I managed to wrap this fellow up in two sessions.
I’m eager to try out some Kill Team line-ups with two missile launchers. They’re expensive, so compromises will have to be made, but these ultra-long range heavies pose a major threat to everything on the board from the first turn. Stay tuned for results in upcoming battle reports, and expect my judgement on this strategy in future installments of Command Academy.
I painted this guy for the tabletop, but I always aim for a fairly high standard within those parameters. This one’s not as lovely as most of his peers, but, hey, I got him done quickly!
I’m glad I’m at the limit for this unit, because these snipers are a pain to convert for missile launchers!
I’m back from the 2019 MFCA show in Philadelphia. I earned two bronze medals for my pieces.
Considering the quality of the entries, I was pleased with the result.
My favorite work on display was Matt DiPietro‘s bust of Conan, painted in a Frazetta style. I got to talk to Matt for about an hour. He is a great person. We talked about techniques, his business as a full-time painter, and his experiences getting to where he is now.
Many of the historical pieces were mind blowing. The techniques and stylistic norms are quite different from what I’m used to, but those old heads do know how to paint!
This incredible scratchbuilt masterpiece was voted a deserving best in show.
I got to meet many great folks, and spent an enjoyable day in the company of painters eager to share our love of mini painting. I’m hoping I get back to the show next year.
I’ve finished the base for my dwarves in time for MFCA this weekend. The wooden plinth (something I picked up at a craft shop) is being stained. I’ll attach it when it’s dried.
I applied some subtle washes (some browns, green, and blue) to the rocks to give each of them a slightly different color from its neighbor.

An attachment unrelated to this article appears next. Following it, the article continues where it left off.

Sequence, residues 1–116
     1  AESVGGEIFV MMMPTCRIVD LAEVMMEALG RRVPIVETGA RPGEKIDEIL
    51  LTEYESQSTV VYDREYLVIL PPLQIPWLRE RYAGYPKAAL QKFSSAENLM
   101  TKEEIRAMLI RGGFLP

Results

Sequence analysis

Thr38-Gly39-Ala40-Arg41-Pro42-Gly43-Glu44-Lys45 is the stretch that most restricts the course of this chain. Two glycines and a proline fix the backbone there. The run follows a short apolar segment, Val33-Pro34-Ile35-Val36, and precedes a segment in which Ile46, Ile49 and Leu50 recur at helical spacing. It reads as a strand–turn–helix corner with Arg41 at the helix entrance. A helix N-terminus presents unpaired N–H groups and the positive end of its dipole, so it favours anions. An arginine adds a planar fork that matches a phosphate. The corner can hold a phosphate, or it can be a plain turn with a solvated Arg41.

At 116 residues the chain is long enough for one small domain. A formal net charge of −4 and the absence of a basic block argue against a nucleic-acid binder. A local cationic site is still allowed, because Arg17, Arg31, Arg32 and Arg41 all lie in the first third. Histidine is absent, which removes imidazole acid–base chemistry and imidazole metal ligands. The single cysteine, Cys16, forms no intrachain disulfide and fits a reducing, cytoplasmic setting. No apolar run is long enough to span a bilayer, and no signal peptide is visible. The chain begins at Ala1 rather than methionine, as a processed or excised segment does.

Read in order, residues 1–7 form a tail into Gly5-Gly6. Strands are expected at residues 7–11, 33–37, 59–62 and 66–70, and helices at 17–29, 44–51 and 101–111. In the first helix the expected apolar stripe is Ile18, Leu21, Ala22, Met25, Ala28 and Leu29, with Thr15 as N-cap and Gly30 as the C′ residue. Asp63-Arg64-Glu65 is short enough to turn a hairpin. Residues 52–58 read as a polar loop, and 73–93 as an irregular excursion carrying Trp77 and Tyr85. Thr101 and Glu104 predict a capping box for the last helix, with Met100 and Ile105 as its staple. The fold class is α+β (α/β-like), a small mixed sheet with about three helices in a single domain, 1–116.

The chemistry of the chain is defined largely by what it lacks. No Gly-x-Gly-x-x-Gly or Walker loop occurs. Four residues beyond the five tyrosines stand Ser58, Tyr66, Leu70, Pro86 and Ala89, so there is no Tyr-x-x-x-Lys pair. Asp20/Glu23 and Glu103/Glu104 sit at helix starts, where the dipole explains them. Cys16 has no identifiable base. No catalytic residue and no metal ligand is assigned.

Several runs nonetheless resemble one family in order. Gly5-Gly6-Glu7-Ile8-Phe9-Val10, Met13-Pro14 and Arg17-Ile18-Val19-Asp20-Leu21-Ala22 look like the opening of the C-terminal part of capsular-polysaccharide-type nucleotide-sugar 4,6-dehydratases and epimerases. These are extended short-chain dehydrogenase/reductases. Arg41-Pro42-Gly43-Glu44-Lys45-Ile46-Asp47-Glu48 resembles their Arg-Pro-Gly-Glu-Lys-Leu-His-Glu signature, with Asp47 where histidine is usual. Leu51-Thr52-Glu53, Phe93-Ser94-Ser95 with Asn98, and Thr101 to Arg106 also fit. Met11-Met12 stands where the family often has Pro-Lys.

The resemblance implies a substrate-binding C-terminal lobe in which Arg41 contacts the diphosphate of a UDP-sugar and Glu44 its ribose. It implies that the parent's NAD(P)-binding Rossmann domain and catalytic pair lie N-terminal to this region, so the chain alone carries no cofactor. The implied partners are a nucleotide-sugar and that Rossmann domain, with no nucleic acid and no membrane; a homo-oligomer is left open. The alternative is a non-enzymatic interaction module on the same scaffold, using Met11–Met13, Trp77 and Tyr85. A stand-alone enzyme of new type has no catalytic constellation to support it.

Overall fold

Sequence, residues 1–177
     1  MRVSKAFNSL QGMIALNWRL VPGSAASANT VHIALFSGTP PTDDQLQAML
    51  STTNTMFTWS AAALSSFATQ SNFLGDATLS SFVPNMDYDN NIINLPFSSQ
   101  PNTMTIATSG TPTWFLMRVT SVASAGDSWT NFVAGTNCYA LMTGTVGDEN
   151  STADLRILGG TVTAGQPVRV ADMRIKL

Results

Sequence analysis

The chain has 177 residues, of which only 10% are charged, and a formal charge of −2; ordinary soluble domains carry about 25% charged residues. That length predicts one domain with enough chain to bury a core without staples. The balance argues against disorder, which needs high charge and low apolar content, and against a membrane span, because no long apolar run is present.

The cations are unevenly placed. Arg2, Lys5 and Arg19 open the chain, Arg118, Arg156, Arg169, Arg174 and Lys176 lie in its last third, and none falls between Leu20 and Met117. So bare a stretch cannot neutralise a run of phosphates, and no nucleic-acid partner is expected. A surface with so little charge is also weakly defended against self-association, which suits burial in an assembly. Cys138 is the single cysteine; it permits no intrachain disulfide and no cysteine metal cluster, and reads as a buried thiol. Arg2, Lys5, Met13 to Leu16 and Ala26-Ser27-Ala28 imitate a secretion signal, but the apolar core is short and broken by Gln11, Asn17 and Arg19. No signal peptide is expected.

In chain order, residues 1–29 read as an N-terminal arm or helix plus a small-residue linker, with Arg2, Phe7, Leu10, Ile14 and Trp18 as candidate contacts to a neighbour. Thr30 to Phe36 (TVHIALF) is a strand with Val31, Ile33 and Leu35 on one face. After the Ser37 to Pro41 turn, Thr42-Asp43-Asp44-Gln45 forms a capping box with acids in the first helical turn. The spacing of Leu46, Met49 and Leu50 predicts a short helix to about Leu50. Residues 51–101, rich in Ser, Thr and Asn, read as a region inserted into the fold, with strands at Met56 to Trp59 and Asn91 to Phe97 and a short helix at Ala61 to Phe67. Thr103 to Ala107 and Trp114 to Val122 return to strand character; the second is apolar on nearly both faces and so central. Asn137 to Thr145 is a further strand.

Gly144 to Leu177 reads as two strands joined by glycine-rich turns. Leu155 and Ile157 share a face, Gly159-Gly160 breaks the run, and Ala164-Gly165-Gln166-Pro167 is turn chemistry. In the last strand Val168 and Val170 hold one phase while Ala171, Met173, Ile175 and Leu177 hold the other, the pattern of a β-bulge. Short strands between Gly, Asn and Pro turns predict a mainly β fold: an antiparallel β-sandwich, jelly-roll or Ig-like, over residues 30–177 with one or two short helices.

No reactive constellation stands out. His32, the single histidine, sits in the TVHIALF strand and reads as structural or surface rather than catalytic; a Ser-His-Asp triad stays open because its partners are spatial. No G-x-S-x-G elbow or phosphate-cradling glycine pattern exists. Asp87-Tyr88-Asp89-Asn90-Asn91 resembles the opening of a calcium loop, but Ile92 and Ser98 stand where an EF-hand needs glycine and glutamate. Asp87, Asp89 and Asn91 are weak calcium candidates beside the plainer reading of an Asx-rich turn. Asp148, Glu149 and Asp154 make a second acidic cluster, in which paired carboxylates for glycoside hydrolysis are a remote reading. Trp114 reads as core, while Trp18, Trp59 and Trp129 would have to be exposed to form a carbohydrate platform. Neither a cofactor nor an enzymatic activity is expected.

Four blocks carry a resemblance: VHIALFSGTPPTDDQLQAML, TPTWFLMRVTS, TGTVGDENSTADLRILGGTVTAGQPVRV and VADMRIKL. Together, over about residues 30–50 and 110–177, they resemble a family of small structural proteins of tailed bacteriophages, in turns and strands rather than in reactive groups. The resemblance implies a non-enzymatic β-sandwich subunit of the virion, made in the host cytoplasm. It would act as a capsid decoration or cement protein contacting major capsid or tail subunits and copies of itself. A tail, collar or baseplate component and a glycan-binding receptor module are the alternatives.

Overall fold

I’d like to add a few mushrooms & flowers, maybe a touch of grass, but we’ll see if I have time between now and Thursday.
Here’s the gang on the road to adventure.
And here you can see how the wheel ruts on the base match those on the display base.
Hobby time has been tight lately, but I’m getting another missile launcher scout ready to join my Dark Angels kill team.
I’ve found the range and versatility to justify the steep price, and a camo cloak helps keep the investment on the table. The cloaks do require a bit of Green Stuff to convert, though.
I stumbled across a flyer yesterday and today I visited Tricon, a show put on by the local chapter of IPMS. The people were great and I made some new friends.
Though most of the show was dedicated to ordinance, cars, airplanes, ships, and larger scale models & busts, my 28mm offerings did very well, earning four gold medals in an open judging competition.
I had a great time and look forward to visiting again next year. I’ll try to bring a few friends to increase the visibility of 28mm models, and also prepare some pieces that jive more with the overall settings of the show.